Common sense isn't.
Since my last visit, some things remain about as they were, some things have changed for the worse, and a few things have improved.
The first photo is from a year or two ago, at the gate blocking the main road to the power plant.
I previously showed this sign in detail.
Next is the current condition. The information has been removed from the sign, but I don't know why. It may have been vandalism, or TVA may have decided the sign contained too much information or it was no longer current. Certainly, the predictions of generating 6 million kilowatt hours per year were overly optimistic according to the data.
A short distance past the barrier, to the right, a trail or narrow road heads up the hill, away from the windmills. This photo shows the view looking back down the trail towards the road. The trail is not overgrown, but there are many trees and bushes growing next to the trail.
Although I don't know the exact location of the future windmills, the tentative, approximate locations are shown on the previous map, and it is likely that some of these trees and bushes along the ridge will be sacrificed to install the new windmills.
This plan is described in the previously mentioned environmental assessment, which says,
"A permanent gravel access road about 16 feet wide would be built along the length of the row of turbines. An area of about one acre would then be cleared at each turbine site to provide room for assembling and installing the turbine components" (page 2-2). Later, the assessment says,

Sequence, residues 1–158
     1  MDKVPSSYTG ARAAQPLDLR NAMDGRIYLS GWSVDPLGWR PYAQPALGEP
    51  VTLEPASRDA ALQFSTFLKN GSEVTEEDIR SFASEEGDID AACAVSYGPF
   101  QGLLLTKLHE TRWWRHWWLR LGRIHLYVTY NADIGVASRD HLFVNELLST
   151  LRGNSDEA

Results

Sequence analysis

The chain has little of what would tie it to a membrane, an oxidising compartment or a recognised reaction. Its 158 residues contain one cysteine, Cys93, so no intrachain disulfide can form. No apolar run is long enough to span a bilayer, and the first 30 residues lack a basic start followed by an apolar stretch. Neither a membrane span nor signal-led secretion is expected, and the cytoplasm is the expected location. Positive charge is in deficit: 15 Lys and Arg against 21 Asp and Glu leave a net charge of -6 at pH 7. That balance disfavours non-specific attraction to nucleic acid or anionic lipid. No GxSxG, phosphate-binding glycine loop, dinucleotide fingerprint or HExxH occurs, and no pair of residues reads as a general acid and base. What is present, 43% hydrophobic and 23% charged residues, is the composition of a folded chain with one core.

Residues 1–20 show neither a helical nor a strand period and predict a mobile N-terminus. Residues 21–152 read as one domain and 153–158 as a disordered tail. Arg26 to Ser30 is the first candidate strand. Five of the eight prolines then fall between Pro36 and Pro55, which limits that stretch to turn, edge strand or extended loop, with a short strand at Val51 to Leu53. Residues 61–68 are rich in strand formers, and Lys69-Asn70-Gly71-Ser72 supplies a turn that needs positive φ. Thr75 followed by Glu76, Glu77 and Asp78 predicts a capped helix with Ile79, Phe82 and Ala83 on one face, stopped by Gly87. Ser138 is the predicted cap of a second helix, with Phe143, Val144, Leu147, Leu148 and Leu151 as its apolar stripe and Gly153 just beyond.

"The appearance would change from a strip mined mountain top and existing small windfarm to a larger windfarm of similar character extending about 2 miles along the ridge. Visible construction would include about an acre of ridge top vegetative clearing around each turbine along with excavation, airborne dust, cranes and structure erection, crushed stone parking and fabrication areas, material stockpiles, other temporary facilities, fencing, and site reclamation" (page 4-28).
Along the ridge, or the "strip mined mountain top," as TVA calls it, the top of one windmill is barely visible over the trees, which line both sides of the narrow dirt road.
Continuing along the ridge toward the power plant, the road opens up into a cleared area. Presumably this would be a good spot for some of the new windmills.
Notice the two telephone poles in the distance (to left of center). A short distance beyond the telephone poles there is a drop-off down to the windmills.